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First Ascent Kayaker Jesse Coombs Recaps Climb in Rwenzori Mountains, Uganda
Posted on November 10, 2010

By Jesse Coombs

The kayak team spent five days in the Rwenzori Mountains of Uganda. They are called the Mountains of the Moon and are a World Heritage Site. It is also was believed (and possibly still argued by some) to be the source of the Nile. Regardless, this was an amazing place, and the team’s goal was to be the first to kayak in the Rwenzori Mountains on the Bujuku River.

We arrived in the afternoon, and after organizing our gear, guides and porters, we began the hike to Nyabitaba Hut at approximately 8,500 feet. In successive days we hiked to John Matte Hut at 11,000 feet, Bujuku Hut at 13,000 feet elevation, and finally Elena Hut at just under 13,000 feet.

Two of the consistent characteristics of the Rwenzori Mountains are bogs and rain. The way to handle the bogs is with a good, inexpensive pair of Ugandan “gun” boots. They are basically the tall rain boot that farmers wear. The best way I found to handle the consistent afternoon deluge of rain is with my First Ascent BC-200. Despite unrelenting rain, packs, and hard, uphill climbing, I stayed amazingly dry and comfortable. The temperatures were in the low 40s and the rain consistent, but our base layers were all dry underneath the BC-200. We were all amazed and quite happy to arrive in camp dry and warm.

The bogs and elevation of the tree line defies reason. You literally have to climb over 14,000 feet of elevation before you can say goodbye to the bogs and another 500 feet or more past that to get past tree line. The moisture and lack of freezing temperatures of this area support plant life at much higher altitude than found in most mountains.

One of the things that was most enjoyable about this aspect of the trip was the long hours of hiking and talking and getting to know more about the guides and porters. It turns out that the Rwenzori Mountain Services (RMS), the organization that runs the guiding service, is now owned by the community instead of its previous ownership, the government. The money collected by RMS for tourism and guiding goes back into the community to help build schools and infrastructure! Additionally all the porters and guides must be local and are members of the RMS. This way, the pay they earn is kept within the community and is available and used to support and grow the local economy. In sharp contrast to so many Africa resources that have been basically stripped for exportation, the Rwenzori Mountains bring in outside tourism dollars that stay in and grow the local community and work force. That is extremely admirable!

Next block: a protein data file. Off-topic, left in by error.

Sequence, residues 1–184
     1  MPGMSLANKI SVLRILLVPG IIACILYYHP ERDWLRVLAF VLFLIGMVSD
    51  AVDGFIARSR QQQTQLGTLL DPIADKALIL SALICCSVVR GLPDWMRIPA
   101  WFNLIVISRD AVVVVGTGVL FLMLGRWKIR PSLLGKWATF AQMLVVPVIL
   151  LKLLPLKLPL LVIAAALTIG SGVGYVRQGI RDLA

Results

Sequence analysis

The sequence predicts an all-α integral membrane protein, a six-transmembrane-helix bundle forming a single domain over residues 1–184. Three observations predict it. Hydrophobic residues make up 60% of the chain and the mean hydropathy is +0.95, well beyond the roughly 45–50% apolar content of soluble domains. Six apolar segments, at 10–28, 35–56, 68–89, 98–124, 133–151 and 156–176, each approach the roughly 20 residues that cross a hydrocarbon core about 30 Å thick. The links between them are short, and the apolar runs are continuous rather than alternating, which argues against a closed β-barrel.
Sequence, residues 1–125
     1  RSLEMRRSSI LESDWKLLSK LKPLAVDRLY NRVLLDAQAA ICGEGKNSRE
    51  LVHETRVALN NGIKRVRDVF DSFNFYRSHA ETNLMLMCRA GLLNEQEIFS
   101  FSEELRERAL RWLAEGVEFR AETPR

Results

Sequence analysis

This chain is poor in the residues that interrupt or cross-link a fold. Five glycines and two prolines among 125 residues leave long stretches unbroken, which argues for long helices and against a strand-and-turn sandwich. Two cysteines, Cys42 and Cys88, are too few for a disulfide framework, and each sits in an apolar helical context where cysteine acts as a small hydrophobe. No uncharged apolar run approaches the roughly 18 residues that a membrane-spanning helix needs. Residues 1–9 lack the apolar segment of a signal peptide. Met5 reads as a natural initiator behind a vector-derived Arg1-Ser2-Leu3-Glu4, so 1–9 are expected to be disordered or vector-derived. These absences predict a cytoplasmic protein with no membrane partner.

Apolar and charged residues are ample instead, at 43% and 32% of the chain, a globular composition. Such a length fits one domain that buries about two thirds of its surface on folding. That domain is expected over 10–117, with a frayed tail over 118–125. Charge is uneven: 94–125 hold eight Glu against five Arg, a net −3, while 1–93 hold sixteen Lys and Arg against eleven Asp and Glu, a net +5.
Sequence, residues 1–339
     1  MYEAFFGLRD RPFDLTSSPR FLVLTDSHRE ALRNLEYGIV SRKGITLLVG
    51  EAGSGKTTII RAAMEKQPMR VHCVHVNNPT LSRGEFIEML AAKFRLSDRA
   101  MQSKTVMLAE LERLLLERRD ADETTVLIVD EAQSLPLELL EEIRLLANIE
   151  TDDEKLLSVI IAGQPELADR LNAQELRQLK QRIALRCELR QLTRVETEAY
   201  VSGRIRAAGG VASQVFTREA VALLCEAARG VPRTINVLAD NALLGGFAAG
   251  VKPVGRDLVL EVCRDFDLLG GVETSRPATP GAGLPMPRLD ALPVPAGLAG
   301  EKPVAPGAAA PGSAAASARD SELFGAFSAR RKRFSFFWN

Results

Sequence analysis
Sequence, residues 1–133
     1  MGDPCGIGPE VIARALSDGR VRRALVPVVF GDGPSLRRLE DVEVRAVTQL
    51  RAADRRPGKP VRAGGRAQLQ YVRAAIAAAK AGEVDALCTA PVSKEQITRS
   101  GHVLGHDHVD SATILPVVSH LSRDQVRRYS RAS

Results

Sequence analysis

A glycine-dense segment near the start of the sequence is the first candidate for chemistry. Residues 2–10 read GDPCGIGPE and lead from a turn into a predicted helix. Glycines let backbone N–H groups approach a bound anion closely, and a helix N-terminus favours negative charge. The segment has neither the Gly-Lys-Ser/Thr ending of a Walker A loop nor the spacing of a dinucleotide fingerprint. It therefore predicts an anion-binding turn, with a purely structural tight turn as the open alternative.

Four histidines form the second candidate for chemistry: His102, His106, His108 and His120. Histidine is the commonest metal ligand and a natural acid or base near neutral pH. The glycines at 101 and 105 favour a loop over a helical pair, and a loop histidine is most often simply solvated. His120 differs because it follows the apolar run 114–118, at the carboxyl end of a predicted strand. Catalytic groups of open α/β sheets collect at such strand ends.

The porters of RMS are the heroes in my mind. They all wear almost nothing but cotton in this cold and wet environment and carry upwards of 45 pounds in white burlap sacks that hang from their heads by webbing! If that isn’t enough, they hike with these heavy loads faster than the clients through what can often be almost knee-deep bogs. They will arrive at camp absolutely drenched in sweat and rain and with a courteous smile. They then cheerfully hand off the items they have been carrying for the clients and huddle around a fire to dry off and share spirited conversation. It is impressive to watch how the porters handle very difficult conditions of rain, poor clothing, difficult hiking, heavy loads and cold temperatures with such capability and spirit. I will never forget the strength and endurance of these people.

Author: - Wednesday, November 10th, 2010
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  1. Ben

    Loving the updates. Sounds like an amazing adventure. Come on, EB, get these porters some good hiking gear!

  2. Josh Gold

    You should obtain wool clothing for the porters. Cotton can lead to hypothermia in cold wet conditions in the mountains.

    Great adventure and fun to read about it.

  3. Tamara

    Beautifully written, thanks for sharing. I’m not so sure providing hiking gear to some of the Porters is a good idea, it could cause problems within the group. Respecting culture and subcultures is a important when you travel. Surprisingly, (as you have probably witnessed) they do not necessarily want to be like us. :)


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